Husbands, not mothers-in-law, might be behind son preference in India
While stated preference for sons has been coming down, women without any son are more likely to plan further pregnancies compared to women without any daughter
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The number of girls being born compared to the number of boys, i.e. the sex ratio at birth, has been falling in recent years in India, suggesting that the overall gender imbalance in the country is likely to worsen in the years ahead. India ranks 188th out of 191 countries in terms of gender-imbalance at birth, which could in large be part attributed to sex-selective abortion owing to continued preference for sons.
The continued preference for sons is likely being reinforced by the influence of mothers-in-law in Indian families, according to a recent Economic and Political Weekly paper authored by Marie-Claire Robitaille and Ishita Chatterjee, economists at the University of Nottingham and University of Western Australia, respectively.
They note that mothers-in-laws often have stronger preference for a male grand-child which could affect the pregnancy-related decisions of the daughter-in-law. Their research shows that when women are asked about how many sons and daughters they would have ideally preferred, their stated preference (or lack of it) for sons is correlated with the preferences of the mother-in-law.
What do stated preferences for sons and daughters tell us?
At first glance, the 2005-06 National Family & Health Survey (NFHS), which is the data source for the EPW paper cited above, suggests that the stated preferences for sons among Indian women are pleasantly very low. 79% of daughters-in-law in the study said that they had no preference for either more sons or more daughters, while 65% of co-residing mothers-in-law claimed they had no preference.
Another survey conducted in 2011-12, the India Human Development Survey (IHDS) also showed similar results; most women said they had no preference for sons over daughters. Also, in an encouraging sign, the proportion of women stating that they had no preference was higher in the younger generation.
However, the above numbers could be misleading as people often tend to provide socially desirable answers in such surveys. The continued preference for sons is revealed by data from the same survey, which shows that the decision to plan for more kids was largely dependent on whether or not the women had sons. Women, who had two or more daughters but no son, were almost four times more likely to plan an additional pregnancy compared to women who had two or more sons but no daughter.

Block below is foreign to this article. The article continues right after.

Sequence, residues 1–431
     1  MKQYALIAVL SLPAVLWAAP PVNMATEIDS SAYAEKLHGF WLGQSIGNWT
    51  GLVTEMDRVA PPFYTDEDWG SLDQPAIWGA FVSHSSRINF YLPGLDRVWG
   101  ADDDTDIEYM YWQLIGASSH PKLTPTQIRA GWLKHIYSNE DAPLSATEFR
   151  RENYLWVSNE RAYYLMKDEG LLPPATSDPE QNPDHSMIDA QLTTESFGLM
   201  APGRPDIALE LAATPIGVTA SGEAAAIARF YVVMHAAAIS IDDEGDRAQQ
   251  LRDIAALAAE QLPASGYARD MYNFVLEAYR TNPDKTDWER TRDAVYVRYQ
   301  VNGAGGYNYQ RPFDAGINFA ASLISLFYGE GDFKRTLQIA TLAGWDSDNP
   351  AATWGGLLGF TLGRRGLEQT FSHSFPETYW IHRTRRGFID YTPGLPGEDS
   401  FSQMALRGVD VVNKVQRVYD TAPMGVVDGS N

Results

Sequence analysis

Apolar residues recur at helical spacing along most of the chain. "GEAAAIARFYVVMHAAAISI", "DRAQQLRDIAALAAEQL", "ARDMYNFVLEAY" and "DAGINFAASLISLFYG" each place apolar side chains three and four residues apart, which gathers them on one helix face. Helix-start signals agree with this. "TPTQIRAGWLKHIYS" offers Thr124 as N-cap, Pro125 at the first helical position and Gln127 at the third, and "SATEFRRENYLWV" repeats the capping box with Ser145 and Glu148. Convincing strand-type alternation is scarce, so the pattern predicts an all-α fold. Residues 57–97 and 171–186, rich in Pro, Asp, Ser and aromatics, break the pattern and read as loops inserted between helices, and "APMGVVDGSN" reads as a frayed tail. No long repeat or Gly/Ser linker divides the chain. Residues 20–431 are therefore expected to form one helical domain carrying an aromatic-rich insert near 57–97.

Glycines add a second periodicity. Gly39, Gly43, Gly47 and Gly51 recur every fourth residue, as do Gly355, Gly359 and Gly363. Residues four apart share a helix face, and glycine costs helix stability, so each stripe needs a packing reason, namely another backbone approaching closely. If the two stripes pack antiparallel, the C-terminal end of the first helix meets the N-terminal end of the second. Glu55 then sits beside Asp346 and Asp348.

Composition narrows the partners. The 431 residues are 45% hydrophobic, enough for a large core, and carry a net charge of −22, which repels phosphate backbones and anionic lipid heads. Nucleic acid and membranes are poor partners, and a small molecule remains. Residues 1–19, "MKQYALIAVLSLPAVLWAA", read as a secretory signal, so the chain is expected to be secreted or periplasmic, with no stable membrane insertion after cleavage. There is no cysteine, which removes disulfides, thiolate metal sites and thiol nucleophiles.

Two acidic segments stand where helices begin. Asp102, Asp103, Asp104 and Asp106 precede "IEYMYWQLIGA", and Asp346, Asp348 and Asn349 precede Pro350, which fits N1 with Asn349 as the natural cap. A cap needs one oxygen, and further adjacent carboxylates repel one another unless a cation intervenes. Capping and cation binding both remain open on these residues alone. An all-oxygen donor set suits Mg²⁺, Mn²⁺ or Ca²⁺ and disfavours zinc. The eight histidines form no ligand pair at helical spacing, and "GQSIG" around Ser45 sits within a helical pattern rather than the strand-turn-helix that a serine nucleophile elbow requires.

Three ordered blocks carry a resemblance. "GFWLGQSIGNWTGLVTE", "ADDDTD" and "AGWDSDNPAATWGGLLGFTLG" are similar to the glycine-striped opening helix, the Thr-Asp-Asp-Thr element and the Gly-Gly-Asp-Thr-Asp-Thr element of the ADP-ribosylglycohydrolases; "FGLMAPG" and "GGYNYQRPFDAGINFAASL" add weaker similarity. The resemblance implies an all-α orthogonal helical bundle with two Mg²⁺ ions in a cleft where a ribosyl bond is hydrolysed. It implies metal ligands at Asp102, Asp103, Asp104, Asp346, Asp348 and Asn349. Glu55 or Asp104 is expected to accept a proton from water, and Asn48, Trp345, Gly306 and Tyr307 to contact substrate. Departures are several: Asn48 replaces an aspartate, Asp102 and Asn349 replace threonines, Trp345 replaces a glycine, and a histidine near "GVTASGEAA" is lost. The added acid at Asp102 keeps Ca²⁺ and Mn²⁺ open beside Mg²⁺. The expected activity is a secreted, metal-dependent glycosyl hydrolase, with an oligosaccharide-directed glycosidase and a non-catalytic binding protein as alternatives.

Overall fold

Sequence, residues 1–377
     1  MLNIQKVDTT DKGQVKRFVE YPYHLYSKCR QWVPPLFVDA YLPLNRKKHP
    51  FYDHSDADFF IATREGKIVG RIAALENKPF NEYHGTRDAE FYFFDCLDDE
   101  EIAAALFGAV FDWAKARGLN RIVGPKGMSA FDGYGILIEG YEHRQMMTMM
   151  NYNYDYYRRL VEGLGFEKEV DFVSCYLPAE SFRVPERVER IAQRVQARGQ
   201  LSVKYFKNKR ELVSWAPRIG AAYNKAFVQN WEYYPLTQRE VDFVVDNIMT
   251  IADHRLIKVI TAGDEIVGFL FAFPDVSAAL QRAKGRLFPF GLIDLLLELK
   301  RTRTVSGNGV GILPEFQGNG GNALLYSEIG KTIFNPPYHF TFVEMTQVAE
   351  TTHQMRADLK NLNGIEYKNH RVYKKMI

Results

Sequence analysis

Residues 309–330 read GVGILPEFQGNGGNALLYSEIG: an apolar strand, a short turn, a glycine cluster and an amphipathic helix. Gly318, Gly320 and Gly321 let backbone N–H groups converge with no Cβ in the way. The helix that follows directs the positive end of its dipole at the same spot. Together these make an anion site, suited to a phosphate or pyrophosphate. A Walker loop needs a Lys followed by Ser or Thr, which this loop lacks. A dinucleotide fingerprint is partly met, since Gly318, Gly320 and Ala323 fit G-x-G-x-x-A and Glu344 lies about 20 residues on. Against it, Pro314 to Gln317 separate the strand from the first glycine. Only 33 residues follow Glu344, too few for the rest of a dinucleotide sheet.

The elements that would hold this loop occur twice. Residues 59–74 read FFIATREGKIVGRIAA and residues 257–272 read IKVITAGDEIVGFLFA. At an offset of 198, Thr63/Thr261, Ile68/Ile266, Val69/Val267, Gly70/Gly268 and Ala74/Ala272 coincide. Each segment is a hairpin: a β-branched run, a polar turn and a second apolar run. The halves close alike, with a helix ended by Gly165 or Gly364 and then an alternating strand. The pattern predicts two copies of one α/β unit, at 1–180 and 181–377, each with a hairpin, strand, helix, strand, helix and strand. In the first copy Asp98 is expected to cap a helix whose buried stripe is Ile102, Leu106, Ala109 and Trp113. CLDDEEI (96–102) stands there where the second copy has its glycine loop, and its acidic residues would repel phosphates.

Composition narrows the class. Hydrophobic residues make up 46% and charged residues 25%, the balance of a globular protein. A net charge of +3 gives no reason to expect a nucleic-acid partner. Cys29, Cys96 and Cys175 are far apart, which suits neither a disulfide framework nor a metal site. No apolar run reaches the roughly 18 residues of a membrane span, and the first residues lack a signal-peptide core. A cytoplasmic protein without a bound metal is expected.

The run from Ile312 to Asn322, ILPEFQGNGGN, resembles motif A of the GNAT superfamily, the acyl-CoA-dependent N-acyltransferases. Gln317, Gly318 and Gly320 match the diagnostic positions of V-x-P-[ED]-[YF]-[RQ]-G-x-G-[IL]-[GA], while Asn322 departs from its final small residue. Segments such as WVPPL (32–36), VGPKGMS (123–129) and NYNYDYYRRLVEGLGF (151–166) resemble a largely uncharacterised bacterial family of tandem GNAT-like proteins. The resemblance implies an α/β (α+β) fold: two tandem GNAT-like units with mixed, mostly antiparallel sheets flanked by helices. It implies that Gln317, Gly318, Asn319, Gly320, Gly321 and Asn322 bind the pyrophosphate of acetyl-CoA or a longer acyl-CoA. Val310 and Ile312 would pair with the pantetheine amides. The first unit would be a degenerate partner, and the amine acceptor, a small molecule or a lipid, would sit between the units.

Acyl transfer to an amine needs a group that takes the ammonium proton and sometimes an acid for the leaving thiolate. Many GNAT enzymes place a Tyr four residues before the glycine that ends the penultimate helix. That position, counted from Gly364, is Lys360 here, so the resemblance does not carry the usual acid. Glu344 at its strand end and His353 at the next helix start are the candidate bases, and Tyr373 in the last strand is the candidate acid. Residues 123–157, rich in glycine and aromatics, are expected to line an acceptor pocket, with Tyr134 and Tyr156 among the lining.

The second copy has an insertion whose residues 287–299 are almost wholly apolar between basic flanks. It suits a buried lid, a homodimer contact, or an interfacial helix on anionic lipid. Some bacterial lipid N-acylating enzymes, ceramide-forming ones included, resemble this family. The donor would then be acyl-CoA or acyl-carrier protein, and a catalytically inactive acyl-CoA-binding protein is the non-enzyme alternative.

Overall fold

The above results exclude cases where the woman can no longer conceive either due to age or being infertile or due to sterilization of the husband.
Thus, the “stated preference” for sons among women, both mothers-in-law and daughters-in-law, almost certainly understates the actual preference for sons in India. However, it would be folly to assume that the preference of the women in the household alone drives the pregnancy-related and possibly abortion-related decisions in the family. On being asked, most women said that it is the husband who has the “most say” over the number of children that she would bear.
Of course, even most husbands are revealed to have preference for sons. Consider the following statistic. In the case where a family had at least a girl child but no son, and if the family planned to have more children, then in 49% of such cases the husband said that he would prefer to have more children “until a son is produced”, while 31% answered that they would have only one more child and 12% said that the number of children is “up to God”.
Thus, the preference for sons among both—mothers-in-law and husbands—could have impact on the reproductive decisions of the woman.
This preference for sons manifests in other dangerous consequences too, besides a worsening sex-ratio at birth. Research shows that son-preference in India adversely affects the health of children, especially the children born after the first child, according to Seema Jayachandran & Rohini Pande, economists at Northwestern University and Harvard University, respectively. The theory is simple; preference for the male child, especially the eldest male child, determines how much parents invest in other kids. The situation becomes dire if the initial successive births are all daughters; this leads the parents to plan for further pregnancies, often jeopardizing care for the existing daughters. The researchers claim that this preference for “eldest son” in India has resulted in far worse relative stunting in Indian children even when compared to Sub-Saharan Africa.
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